Below is some highlights from the study, "Cutting the distance in distance education: Perspectives on what promotes positive, online learning experiences." For the full study, see the link below
The study investigated what appeared to both support and hinder participants' online teaching and learning experiences. It is now more important than ever for online instructors to provide students with experiences that challenge their higher-order cognitive skills “as opposed to simply transferring content to them.”
Our findings revealed most participants viewed courses that emphasized text-based content, individualized learning, and limited interaction with others as being less helpful than those courses and programs that were more interactive and incorporated the use of multimedia. In courses that offered little to no interaction with others, students reported feeling disconnected with their instructors, the course content, and their fellow classmates. The majority of participants' online experiences reflected experiences that fit this model.
A second common theme we noted in the data was one of disconnection: disconnect between students and their instructors, students and other students, and online instructors and other faculty. When participants experienced this sense of disconnect, they described their online experiences as being less enjoyable, less helpful, and more frustrating than those individuals who made more personal connections and interactions through their courses.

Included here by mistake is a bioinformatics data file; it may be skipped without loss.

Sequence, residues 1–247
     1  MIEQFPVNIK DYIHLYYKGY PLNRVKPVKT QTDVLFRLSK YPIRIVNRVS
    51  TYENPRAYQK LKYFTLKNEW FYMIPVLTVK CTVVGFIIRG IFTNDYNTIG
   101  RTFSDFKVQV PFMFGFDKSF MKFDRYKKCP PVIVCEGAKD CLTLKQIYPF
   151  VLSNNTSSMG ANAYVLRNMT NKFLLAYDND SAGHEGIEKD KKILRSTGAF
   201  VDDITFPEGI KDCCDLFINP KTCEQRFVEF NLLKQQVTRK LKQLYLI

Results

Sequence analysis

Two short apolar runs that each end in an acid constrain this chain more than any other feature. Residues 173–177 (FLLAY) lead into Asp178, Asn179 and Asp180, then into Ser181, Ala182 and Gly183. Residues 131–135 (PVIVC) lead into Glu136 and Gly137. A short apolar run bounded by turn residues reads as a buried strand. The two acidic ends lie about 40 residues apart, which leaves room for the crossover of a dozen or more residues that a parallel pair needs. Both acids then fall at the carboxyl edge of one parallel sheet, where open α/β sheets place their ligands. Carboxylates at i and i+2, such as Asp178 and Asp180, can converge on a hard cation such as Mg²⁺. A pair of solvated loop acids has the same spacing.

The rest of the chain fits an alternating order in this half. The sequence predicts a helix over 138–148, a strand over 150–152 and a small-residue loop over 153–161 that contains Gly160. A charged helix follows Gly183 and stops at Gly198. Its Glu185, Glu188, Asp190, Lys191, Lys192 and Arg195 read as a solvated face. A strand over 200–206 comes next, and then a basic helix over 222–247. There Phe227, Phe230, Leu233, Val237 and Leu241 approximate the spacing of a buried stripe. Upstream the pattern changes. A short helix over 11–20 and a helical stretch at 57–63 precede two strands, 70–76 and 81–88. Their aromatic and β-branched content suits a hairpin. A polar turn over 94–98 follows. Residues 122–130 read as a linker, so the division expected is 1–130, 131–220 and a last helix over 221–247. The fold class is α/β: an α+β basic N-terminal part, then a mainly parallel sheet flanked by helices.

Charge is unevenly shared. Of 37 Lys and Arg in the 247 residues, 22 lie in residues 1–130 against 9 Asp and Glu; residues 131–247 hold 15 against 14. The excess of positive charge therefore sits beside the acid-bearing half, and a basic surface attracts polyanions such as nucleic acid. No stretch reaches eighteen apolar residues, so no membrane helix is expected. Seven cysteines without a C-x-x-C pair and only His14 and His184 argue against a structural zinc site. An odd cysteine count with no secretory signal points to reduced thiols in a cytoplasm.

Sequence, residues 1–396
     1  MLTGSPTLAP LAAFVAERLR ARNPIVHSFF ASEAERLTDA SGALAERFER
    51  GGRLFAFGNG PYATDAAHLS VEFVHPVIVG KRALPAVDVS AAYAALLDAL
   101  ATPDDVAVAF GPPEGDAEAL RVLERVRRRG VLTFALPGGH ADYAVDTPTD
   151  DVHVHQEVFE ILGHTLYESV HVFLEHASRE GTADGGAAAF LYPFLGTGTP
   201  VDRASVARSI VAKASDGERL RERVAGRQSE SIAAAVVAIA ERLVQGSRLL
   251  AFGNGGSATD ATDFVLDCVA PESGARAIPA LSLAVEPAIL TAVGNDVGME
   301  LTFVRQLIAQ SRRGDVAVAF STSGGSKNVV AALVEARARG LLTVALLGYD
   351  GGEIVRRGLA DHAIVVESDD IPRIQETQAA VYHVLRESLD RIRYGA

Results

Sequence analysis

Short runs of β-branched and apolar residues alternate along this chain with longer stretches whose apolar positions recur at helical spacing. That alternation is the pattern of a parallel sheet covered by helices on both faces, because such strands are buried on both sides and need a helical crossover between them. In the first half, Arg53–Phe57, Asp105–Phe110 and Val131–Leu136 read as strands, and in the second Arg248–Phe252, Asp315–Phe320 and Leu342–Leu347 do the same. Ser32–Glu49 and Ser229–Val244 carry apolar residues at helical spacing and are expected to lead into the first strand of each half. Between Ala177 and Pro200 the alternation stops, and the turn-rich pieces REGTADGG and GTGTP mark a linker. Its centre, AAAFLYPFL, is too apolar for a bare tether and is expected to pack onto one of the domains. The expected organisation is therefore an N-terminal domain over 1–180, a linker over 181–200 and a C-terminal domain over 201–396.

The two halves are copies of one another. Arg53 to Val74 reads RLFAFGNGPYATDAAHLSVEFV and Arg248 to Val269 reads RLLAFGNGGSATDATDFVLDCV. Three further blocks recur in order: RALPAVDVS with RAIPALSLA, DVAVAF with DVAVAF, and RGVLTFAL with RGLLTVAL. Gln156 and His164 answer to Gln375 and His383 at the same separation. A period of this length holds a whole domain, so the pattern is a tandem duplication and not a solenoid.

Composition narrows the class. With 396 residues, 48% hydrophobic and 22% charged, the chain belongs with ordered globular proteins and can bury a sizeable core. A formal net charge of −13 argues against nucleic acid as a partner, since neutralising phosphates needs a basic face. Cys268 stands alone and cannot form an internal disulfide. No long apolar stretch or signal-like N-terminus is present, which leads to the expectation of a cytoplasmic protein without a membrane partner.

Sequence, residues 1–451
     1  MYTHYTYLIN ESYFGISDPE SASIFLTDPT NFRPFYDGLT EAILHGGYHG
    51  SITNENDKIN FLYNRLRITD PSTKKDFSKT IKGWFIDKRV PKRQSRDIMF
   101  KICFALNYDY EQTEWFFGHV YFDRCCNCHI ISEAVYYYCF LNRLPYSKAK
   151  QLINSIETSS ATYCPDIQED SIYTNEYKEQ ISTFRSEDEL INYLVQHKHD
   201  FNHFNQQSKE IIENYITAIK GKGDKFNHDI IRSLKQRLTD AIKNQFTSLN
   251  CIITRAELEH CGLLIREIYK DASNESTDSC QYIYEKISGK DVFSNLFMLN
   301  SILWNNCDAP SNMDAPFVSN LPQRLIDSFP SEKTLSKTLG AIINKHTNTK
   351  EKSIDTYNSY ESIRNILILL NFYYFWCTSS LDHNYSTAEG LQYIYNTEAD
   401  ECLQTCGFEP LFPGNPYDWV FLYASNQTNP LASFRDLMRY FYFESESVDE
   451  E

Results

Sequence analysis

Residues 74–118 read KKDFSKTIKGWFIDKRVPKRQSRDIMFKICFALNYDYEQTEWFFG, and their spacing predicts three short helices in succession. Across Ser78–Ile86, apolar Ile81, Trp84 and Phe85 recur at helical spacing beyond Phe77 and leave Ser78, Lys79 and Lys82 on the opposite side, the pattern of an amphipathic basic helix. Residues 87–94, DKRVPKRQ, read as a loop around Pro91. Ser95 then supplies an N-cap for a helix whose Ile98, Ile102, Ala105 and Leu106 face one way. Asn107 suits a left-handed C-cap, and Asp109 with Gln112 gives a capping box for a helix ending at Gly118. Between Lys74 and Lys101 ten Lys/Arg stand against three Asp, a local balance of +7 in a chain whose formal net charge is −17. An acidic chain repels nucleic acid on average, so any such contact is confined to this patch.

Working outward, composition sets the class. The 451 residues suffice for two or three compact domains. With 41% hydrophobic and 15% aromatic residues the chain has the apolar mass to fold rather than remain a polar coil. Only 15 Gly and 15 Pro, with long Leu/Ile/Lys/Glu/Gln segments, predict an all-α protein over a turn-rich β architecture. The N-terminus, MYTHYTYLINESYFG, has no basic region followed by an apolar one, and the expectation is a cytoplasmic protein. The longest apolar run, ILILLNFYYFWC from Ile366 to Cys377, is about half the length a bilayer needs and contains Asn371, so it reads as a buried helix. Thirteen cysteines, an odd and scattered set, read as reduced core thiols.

Students participating in the study defined a “good” instructor as someone who is “accessible,” “flexible,” and provides individualized feedback. For online students, accessibility to instructors and information was fundamental and seemed to determine their overall impressions of their online programs.
Based on participants' experiences, creating a cohesive online community is a vital component of all online programs. Building a community of learners where students cooperate and learn together can become a “powerful motivator and a powerful mechanism” for extending learning.
Interviews with instructors also revealed evidence of disconnection among faculty members. Faculty training and support, though less-acknowledged, can serve as an important component in creating a sense of connection in an online program. When faculty are encouraged to work together, they can share ideas, study new technologies, and build off each other's courses. Despite these advantages, the programs and courses described in this study appeared to make little effort to encourage faculty networking.
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